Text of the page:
Frameland At IDFA Part II: Dictators
Dictators come in all shapes and sizes in 2017, at the 30th edition of the International Documentary Film Festival Amsterdam. The legacy of Joseph Stalin on present day Russia is examined in the new documentary The Red Soul (2017), by Dutch director Jessica Gorter, which I sadly had to miss due to illness one night. Meanwhile, the classic General Idi Amin: A Self Portrait (1974) by Barbet Schroeder is shown as part of The Visual Voice, a program in which directors selected their favorite documentaries. General Idi Amin: A Self Portrait was selected by Australian director Hubert Sauper. The loyal subject of another sort of dictator receives the spotlight in Filmworker, a portrait of Leon Vitali, who dedicated his entire life to the service of one Stanley Kubrick.
The failed propaganda of vicious dictator Idi Amin
General Idi Amin: A Self Portraitby French director Barbet Schroeder was originally supposed to be a propaganda piece celebrating Uganda’s then dictator, Idi Amin. Schroeder delivered an hour long version to the general and his regime, to be shown in Uganda, but released an hour and a half long version with added commentary internationally. It is this version that was shown at the 30th edition of IDFA. This version hasn’t always been available, because after agents of Amin saw it in England and reported back to Amin about this, he had 200 French nationals living in Uganda taken hostage, demanding that Schroeder cut his film. Schroeder did what Idi Amin demanded, and only re-released his intended version after the fall of Idi Amin’s regime in 1979.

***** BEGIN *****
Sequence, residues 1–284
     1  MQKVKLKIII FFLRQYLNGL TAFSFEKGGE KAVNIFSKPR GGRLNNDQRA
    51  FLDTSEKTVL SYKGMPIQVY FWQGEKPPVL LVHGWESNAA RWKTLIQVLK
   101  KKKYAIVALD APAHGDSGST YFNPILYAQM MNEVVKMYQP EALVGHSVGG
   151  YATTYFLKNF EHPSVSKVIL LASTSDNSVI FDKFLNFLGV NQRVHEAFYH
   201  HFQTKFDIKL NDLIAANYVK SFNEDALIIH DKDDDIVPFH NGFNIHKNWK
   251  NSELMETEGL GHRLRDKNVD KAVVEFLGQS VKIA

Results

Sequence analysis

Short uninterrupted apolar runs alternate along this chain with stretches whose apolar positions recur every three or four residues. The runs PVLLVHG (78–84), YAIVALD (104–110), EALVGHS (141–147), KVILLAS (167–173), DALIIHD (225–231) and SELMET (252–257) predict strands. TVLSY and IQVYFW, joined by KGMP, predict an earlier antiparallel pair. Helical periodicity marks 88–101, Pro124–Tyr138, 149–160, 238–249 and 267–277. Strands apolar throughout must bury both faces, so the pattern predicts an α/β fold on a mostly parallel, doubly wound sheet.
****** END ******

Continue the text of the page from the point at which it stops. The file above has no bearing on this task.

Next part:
Even the version with the cuts, the version that the dictator approved of, can’t have been a very good propaganda piece. The vain Idi Amin orates about his great deeds and what Uganda will be, but his lack of clear vision or logic and bizarre ideology make it hard to believe his boasts. He sent a letter to ‘his dear brother’ Richard Nixon, telling him he hopes ‘the little Watergate thing’ will go away soon. He also sent a letter to dictator Pinochet, congratulating him on his violent military coup in Chile in 1973. General Idi Amin took over power after a military coup in 1971, but already firmly believes in his own propaganda as a big player on the international stage.
A meeting of ministers is nothing more than Idi Amin ranting on and on. During this, he boasts of how Uganda is the most progressive country in African when it comes to women, because since the women’s place is the home, her skills as housewive are transferable to managing hotels and that is why women are now allowed to become hotel managers. We have many female hotel managers in Uganda, more than anywhere, Amin boasts. How many, he asks the room. Four is the answer. Just four. Then the scene becomes chilling, thanks to Schroeder’s voice-over commentary in which he says that the Minister of Foreign Affairs who is scolded during this same meeting, was found murdered in a river only weeks later.